Elder Joseph Tolton of the Rehoboth Temple Christ Conscious Church in New York said Faithful Call to Justice provides an opportunity to reflect upon the impact homophobia continue to have on gay men and lesbians inside and outside the Black church. He traced these attitudes back to the Black Power movement of the late 1960s and early 1970s. But Tolton concluded they are simply an attempt to deflect attention away from the conversation about sexuality that has yet to take place within the Black church.

"The issue at its heart is that we have yet to have an open and honest conversation about human sexuality," he said. "All the noise about homosexuality is a distraction from the silence."

Indeed; Rhue and others said Faithful Call to Justice is really about the need for the Black church to return to its roots. She urged pastors, ministers and others who continue to preach against homosexuality to re-examine Jesus Christ and the example she said he set.

"Christ’s message was about hospitality and welcome," Rhue said. "There shouldn’t be homophobic messages connected to Jesus Christ."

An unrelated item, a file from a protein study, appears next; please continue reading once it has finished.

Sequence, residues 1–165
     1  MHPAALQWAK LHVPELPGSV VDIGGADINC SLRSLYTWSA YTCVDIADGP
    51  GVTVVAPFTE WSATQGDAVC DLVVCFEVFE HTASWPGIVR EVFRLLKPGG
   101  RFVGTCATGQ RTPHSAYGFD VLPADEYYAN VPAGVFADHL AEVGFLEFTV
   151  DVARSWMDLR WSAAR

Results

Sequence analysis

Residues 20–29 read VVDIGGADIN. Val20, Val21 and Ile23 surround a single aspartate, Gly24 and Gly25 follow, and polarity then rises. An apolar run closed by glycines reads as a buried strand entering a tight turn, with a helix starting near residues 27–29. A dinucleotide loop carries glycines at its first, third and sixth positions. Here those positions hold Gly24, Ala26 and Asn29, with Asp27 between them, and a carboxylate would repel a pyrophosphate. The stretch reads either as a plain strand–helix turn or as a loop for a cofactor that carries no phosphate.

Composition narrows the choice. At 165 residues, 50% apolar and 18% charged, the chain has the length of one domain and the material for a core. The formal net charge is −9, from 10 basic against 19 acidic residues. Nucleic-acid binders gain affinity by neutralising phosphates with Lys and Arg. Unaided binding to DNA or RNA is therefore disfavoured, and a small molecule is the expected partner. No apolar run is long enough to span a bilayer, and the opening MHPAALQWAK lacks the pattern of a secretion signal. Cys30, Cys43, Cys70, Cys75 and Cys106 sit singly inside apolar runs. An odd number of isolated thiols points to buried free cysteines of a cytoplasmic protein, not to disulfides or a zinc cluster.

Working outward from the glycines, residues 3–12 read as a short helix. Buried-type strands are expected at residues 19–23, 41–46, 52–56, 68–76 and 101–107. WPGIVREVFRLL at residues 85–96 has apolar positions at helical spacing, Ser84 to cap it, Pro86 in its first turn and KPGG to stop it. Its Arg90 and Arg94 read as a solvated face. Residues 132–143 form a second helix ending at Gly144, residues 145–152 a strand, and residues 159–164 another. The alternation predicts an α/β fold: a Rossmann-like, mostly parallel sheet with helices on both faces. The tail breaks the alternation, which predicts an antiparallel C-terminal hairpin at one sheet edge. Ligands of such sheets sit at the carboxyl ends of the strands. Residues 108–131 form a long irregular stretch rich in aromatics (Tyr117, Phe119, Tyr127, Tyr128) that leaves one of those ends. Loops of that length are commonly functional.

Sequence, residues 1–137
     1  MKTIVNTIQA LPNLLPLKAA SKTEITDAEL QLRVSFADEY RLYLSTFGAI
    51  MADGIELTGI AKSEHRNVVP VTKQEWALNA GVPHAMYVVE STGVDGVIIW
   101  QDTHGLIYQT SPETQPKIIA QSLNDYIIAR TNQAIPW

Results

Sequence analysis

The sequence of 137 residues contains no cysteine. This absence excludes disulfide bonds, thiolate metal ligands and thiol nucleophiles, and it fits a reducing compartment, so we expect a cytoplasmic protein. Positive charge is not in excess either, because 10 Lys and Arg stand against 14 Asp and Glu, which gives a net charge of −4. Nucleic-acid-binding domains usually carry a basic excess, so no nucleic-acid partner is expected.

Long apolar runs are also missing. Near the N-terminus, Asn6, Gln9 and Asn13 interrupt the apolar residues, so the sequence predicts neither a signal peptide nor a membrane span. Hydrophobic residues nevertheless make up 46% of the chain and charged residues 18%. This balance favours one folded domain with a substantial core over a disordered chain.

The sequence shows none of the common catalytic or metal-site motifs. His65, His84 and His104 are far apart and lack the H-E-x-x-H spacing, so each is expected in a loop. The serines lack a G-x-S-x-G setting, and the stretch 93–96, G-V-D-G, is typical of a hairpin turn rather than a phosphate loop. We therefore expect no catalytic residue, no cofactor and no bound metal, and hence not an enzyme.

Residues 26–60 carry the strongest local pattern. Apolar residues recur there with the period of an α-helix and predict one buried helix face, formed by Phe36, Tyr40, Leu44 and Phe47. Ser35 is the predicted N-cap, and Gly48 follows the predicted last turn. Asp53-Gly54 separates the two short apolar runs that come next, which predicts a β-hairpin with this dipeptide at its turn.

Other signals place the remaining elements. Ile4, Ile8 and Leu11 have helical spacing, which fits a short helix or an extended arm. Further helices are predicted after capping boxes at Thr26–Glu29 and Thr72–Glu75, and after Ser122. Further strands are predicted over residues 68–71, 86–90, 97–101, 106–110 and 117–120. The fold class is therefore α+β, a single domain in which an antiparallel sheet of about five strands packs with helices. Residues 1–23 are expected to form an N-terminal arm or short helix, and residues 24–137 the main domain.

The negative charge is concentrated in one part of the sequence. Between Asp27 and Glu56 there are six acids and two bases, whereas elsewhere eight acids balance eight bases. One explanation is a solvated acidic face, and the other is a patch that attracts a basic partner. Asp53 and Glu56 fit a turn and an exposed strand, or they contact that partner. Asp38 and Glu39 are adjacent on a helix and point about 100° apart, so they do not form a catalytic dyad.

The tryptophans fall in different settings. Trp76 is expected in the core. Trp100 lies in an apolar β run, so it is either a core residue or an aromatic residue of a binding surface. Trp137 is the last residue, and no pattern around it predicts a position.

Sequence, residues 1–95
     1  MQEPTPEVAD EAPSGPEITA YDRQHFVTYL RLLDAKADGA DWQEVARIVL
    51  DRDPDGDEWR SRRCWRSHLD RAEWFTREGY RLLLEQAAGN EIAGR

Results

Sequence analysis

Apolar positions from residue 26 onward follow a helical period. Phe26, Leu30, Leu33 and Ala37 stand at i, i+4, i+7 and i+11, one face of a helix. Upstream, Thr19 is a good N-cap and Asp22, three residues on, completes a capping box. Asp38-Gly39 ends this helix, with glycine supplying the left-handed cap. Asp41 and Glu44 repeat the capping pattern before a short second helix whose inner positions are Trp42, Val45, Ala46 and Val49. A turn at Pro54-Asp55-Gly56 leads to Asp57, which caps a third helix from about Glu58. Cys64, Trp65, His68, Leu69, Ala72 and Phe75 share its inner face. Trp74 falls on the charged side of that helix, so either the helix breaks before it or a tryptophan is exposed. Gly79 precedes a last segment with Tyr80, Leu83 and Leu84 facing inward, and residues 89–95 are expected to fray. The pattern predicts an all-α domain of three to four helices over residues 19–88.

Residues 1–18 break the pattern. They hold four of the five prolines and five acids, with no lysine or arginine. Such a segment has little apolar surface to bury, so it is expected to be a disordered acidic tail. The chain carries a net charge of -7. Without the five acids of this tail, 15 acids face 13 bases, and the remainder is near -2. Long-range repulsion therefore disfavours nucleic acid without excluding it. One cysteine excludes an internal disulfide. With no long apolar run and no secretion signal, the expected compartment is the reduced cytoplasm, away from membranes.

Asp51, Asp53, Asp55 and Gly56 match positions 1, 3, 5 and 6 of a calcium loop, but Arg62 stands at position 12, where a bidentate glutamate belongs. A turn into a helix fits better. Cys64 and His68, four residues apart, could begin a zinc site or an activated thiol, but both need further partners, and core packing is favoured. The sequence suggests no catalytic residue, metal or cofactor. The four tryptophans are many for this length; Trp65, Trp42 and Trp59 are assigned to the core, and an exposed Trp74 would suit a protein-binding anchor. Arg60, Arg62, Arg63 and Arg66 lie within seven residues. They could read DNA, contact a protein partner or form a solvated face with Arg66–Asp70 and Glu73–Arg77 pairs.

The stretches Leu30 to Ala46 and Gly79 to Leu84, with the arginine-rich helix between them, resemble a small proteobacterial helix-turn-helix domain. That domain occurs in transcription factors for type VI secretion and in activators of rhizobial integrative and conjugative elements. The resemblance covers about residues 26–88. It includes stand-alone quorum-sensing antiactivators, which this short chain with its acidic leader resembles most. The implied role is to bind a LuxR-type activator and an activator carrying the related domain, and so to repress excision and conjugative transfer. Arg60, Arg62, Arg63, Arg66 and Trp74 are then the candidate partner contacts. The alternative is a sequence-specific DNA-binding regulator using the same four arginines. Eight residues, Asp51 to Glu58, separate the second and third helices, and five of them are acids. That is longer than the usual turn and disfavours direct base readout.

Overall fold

Watkins readily agreed. "If there is any organization that should stand up for all human rights it should be the Black church," he said. "God is love and God is unconditional love. They are commanded... to love everybody. They don’t have a choice in that."

Monroe further described Faithful Call to Justice as an opportunity to follow the example Dr. Martin Luther King, Jr., and others set during the civil rights movement. She bluntly said the Black church continues its failure to head their legacy.

"King said the fight for equality is greater than just for racial justice," Monroe said. "We need to put front and center those ministers and allies who are for LGBT justice. We need to let the LGBT community and the larger community know these are our new heroes who follow in MLK’s vision of justice."

No comments: